I loathed my “starter” bra, which wasn’t much more than a flat band of white cotton with adjustable shoulder straps, but Mother made me wear it every morning when I dressed for school. As soon as I arrived in the basement locker room, I’d duck into the bathroom, strip off my bra, and swap it for the far more comfortable and familiar undershirt I’d scrunched up in the bottom of my book bag when Mother wasn’t looking.

            It didn’t much matter what I wore under my clothes back then, but as I got older and my breasts developed further, I had little choice but to cover them with “proper” support. I wasn’t what passed for “busty,” but even when I was young and well before nursing babies, my C-cup profile was never what you would call “perky.” As I grew older, my discomfort grew greater along with the force of gravity, and I became more and more dependent upon wearing support, even when lounging around the house in pajamas.

            In general, I’m casual about my appearance. It’s true that I color my hair and wear light makeup when I go out, but that’s about as far as I go in terms of cosmetic self-improvement. I certainly have plenty of wrinkles and enough shadows under my eyes to warrant a facelift, or at the very least some Botox injections, but it has always felt beside the point to pursue such treatments. 

            Growing old with grace has been my mantra, or rationalization, for easing into my senior years without becoming preoccupied with my looks. Physical self-acceptance, I told myself, means eschewing intervention. And while occasionally I would daydream about going bra-less in a t-shirt, it never occurred to me to get a breast lift.

            Now, suddenly, equipped with a BRCA1 mutation diagnosis, that whole perspective got turned on its ear. (Forgive the mixed metaphor; the new me has become obsessed with body parts.) 

            Once I did my research and made my decision to reduce my exorbitant risk for breast cancer, I was freed up to reduce the size of my breasts and enhance their uplift. Since “immediate reconstruction” would be possible during bilateral mastectomy, I got to choose this option and to discuss with my surgeon what kind of breasts I’d like to have. 

            Late one night in the month before my procedure, I trolled the internet for before-and-after photos of surgically improved breasts. It felt a little like pornography, especially when I printed out a couple pages, folded them up, and furtively tucked them away in my purse, lest someone visiting me should come upon them. 

            With considerable self-consciousness, I showed the photos to my surgeon the week before my operation. Whatever it was that I expected — derision? dismissiveness? — for being concerned with my appearance when my risk of cancer loomed so large, I was instead surprised and delighted when my doctor congratulated me on my “realistic” wish list and assured me my choices were in keeping with what I could and should expect. I felt rewarded for diligently doing my homework (he called it “research”), and for my positive, proactive approach to making the very best of a bad thing.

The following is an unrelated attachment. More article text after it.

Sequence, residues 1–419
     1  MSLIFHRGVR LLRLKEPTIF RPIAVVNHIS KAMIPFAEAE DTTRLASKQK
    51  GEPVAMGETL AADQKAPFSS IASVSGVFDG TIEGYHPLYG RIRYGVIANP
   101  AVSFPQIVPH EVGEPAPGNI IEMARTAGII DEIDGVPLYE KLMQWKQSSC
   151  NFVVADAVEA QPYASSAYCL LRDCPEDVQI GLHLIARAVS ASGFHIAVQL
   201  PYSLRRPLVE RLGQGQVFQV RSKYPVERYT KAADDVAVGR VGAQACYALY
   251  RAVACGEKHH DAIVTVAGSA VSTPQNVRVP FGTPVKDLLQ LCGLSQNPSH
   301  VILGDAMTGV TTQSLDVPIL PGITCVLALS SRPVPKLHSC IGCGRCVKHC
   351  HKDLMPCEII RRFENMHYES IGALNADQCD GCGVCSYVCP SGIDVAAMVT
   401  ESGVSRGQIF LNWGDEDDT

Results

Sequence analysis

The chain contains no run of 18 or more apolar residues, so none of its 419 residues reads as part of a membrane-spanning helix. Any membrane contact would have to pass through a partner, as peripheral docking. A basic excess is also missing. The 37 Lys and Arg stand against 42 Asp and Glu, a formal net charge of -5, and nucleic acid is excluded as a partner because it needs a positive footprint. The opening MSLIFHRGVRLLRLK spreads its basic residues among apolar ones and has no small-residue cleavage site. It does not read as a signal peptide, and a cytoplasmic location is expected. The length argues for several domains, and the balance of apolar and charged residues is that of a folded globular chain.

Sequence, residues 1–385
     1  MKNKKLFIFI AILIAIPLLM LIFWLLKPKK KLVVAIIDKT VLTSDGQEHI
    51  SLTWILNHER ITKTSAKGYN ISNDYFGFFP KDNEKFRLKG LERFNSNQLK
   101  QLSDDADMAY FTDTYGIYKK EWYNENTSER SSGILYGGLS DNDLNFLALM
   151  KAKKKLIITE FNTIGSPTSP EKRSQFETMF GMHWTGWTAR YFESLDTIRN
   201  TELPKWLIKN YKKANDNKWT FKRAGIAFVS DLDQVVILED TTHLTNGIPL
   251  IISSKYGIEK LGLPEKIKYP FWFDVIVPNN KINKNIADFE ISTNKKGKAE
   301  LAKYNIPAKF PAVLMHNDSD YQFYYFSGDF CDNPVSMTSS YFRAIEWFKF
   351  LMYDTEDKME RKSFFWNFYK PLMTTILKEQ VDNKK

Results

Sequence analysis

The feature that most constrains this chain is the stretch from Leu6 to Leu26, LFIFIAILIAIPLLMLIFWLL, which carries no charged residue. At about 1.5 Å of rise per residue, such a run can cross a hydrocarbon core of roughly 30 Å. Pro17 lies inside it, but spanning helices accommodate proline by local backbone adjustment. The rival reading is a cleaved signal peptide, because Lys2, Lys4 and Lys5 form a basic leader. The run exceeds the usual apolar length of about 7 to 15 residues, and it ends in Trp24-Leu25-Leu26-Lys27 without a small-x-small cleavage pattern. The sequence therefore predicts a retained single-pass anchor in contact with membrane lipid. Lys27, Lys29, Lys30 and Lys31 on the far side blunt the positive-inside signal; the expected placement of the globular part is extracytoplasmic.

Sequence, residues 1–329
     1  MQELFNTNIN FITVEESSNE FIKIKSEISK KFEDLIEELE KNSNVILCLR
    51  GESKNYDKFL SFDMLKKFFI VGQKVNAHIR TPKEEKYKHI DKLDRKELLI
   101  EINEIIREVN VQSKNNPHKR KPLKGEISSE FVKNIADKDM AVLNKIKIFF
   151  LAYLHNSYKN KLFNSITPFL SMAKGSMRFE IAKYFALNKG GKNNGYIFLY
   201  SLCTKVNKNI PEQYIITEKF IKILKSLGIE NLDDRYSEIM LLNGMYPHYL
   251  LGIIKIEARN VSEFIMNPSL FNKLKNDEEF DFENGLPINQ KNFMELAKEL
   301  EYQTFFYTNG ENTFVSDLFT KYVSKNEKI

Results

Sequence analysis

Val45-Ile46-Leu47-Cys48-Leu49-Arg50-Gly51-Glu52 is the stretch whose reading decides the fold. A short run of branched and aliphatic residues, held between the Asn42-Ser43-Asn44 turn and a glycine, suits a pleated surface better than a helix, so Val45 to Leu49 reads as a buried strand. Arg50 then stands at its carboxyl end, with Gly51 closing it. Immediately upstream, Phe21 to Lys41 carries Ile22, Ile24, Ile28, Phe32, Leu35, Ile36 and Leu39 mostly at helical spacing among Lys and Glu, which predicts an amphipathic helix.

At my post-op with my surgeon, two weeks after my bilateral mastectomy with immediate reconstruction, I learned something that took my breath away. My biopsies showed no presence of cancer, but tissue from my left breast contained evidence of “atypical lobular hyperplasia,” defined as accelerated cell growth that’s often a forerunner of cancer.

            Were this diagnosis to have been made before my mastectomy, it would have raised a red flag and entailed aggressive screening. The problem is, however, that a precancerous diagnosis of atypical hyperplasia, which can’t be made on the basis of mammography or MRI, would have been unlikely. Such a diagnosis requires a biopsy, which would only have been occasioned by the discovery of a lump or some other apparent change in the breast.

            But for my testing positive for a BRCA1 mutation, but for my decision to undergo risk-reducing surgery, there’s a chance the rogue acceleration of cell growth in my left breast would have continued undetected, allowing the possibility (enhanced by my BRCA1 mutation) for disease to develop.

            While I’ll never know for certain what the alternative outcome would have been, along with other choices I’ve made, I’m choosing to believe that fate and my decision to respond proactively when I learned of my BRCA1 mutation have spared me a likely brush with breast cancer. 

            A month out from implant replacement of tissue expanders, I’m feeling and healing well and have resumed all my usual activities. As swelling and soreness resolve, I’ve put aside the compression bras that I was instructed to wear in the weeks immediately following surgery. 

            Instead of loose, oversized shirts, I’ve started to dress normally again. Well, not exactly “normally,” because now I wear sweaters and close fitting tops and actually went bra-less in a t-shirt to my yoga class the other day. I especially enjoyed the sukhasanasequence in which I set my intention to remain healthy and strong. I breathed deeply, centered and sat taller, cupped my hands over my heart, and felt grateful for my thus far long and fortunate life.